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NCJ Number: 204930 Find in a Library
Title: Controlling Measures: The Repacking of Common-Sense Opposition to Women's Imprisonment in England and Canada (From Criminal Justice and Political Cultures: National and International Dimensions of Crime Control, P 104-122, 2004, Tim Newburn and Richard Sparks, eds., -- See NCJ-204926)
Author(s): Pat Carlen
Date Published: 2004
Page Count: 19
Sponsoring Agency: Willan Publishing
Portland, OR 97213-3644
Sale Source: Willan Publishing
c/o ISBS, 5804 N.E. Hassalo Street
Portland, OR 97213-3644
United States of America
Type: Research (Theoretical)
Format: Book (Softbound)
Language: English
Country: United States of America
Annotation: This chapter explores the necessity of carceral clawback through an examination of recent attempts to introduce reforms in women’s imprisonment in Canada and England.
Abstract: The goal of the chapter is to assess the extent to which carceral clawback is a necessary feature of imprisonment and to analyze the cultural and political conditions that facilitate carceral clawback. The author argues that a carceral clawback is underway in England’s women’s prisons despite the appearance of reform. This carceral clawback is necessary in order for prisons to assert their legitimacy in the face of recent common-sense anti-prison discourses about women’s imprisonment in England. The similarities and differences in the Canadian and English experiences of carceral clawback are enumerated. The main similarity between the two countries is that the common-sense ideologies of optimistic campaigners fueled the necessity of carceral clawback and resulted in the ideological incorporation of reformist rhetoric into prison administrative discourses. The main difference between England and Canada in their experience of carceral clawback has been in the way it has occurred. Canada experienced carceral clawback as the institutional and self-exclusion of the most knowledgeable reformists, while England experienced carceral clawback as the financially coerced, inclusionary controlling measures over ontological knowledge about crime. The first section of the chapter discusses the attempted reform of the Federal Prison System for women in Canada. The following section extrapolates the formal logic of carceral clawback. The third section explores the differences between common-sense and theoretical discourses and analyzes the role they have played in the construction of recent official discourse regarding women’s imprisonment. The fourth section describes how theoretical discourses are transformed into common-sense discourses and how these common-sense discourses fueled a new official discourse within women’s prisons in England. Thus, the author has contended that carceral clawback is the logical reaction to the threat of prisoner emancipation. Yet optimism remains about the possibility of real prison reform. Notes, references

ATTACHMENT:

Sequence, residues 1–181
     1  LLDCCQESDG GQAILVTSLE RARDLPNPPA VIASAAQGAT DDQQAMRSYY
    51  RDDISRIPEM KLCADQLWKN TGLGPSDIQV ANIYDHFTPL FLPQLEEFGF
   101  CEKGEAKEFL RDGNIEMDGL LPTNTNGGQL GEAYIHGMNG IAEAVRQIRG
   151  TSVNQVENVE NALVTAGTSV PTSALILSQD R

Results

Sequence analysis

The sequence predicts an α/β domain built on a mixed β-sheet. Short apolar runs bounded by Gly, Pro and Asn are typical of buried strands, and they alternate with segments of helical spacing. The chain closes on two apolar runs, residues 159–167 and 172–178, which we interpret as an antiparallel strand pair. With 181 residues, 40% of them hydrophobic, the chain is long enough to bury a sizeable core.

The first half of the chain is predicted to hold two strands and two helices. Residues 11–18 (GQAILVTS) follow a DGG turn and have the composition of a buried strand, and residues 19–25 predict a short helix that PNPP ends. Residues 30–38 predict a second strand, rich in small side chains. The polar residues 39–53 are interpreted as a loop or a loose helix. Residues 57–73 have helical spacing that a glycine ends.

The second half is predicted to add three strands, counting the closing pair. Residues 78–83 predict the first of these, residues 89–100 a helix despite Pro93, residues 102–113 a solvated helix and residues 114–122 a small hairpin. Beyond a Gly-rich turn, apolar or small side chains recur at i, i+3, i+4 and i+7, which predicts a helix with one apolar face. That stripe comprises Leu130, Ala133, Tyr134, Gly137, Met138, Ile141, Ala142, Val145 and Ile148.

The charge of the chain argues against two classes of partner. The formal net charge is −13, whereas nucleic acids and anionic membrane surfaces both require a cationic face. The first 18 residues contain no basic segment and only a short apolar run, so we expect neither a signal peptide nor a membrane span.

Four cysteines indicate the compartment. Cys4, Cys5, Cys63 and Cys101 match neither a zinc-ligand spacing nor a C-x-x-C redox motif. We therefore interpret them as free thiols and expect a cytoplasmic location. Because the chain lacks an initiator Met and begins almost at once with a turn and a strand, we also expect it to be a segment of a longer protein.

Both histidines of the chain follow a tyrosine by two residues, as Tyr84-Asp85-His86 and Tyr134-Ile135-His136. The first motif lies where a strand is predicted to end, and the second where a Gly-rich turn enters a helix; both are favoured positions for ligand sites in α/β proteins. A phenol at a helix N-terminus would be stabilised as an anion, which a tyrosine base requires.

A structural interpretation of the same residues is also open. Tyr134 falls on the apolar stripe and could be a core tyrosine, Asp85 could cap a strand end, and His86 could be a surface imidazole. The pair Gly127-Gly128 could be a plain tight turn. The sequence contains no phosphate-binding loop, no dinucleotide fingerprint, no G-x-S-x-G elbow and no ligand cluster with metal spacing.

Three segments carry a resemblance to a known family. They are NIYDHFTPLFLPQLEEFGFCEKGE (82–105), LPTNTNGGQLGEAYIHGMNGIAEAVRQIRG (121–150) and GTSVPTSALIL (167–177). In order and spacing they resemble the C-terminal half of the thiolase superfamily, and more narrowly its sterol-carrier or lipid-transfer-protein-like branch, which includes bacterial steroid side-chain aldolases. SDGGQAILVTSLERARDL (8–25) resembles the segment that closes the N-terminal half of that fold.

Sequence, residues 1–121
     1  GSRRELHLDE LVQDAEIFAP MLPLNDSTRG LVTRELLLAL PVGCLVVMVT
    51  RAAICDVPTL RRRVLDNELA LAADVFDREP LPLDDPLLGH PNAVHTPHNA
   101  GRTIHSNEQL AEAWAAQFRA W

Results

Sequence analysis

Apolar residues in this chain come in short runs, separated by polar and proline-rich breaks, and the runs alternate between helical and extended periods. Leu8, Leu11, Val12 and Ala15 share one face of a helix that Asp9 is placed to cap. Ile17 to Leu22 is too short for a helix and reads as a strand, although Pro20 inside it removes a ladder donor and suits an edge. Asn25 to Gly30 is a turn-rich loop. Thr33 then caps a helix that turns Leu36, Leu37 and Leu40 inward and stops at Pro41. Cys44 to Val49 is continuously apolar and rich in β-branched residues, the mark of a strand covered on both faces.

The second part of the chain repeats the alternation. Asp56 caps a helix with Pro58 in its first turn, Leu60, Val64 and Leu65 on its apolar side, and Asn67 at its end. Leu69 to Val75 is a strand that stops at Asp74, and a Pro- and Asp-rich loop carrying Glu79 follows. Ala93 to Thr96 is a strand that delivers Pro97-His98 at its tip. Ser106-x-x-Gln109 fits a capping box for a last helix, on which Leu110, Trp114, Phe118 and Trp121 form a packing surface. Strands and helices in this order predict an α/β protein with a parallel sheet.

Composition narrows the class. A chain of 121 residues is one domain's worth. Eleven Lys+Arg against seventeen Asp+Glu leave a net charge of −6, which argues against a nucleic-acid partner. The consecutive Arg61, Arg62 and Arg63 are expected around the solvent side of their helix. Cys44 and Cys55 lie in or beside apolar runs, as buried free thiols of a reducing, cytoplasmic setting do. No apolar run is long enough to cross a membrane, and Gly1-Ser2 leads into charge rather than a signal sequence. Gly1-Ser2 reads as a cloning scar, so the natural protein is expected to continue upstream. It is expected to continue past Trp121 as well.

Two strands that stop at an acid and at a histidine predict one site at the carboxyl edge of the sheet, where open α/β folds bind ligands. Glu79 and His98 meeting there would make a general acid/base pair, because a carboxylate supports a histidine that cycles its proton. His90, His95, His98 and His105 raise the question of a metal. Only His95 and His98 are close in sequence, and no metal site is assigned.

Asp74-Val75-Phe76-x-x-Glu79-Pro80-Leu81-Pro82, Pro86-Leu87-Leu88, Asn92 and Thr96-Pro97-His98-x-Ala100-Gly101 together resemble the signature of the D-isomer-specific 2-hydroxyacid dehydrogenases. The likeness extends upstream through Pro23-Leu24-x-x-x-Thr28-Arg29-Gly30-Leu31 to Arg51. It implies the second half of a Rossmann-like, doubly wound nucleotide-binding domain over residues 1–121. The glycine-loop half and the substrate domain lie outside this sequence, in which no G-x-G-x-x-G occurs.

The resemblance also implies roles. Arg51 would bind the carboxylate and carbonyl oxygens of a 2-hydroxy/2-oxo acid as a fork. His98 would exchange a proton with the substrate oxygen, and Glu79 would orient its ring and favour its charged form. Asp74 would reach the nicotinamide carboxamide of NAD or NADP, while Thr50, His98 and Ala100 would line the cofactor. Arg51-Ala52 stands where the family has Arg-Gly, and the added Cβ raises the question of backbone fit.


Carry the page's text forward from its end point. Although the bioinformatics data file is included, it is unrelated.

Main Term(s): Correctional reform; Women's correctional institutions
Index Term(s): Canada; England
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